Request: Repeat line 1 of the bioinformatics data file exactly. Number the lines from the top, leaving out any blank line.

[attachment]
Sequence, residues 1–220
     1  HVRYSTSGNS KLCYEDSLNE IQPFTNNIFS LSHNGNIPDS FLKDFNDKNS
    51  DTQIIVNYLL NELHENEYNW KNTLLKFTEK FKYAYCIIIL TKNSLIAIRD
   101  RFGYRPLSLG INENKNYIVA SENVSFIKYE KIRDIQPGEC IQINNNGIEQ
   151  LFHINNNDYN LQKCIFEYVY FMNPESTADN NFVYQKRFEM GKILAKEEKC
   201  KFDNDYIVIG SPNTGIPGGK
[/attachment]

Sequence, residues 1–220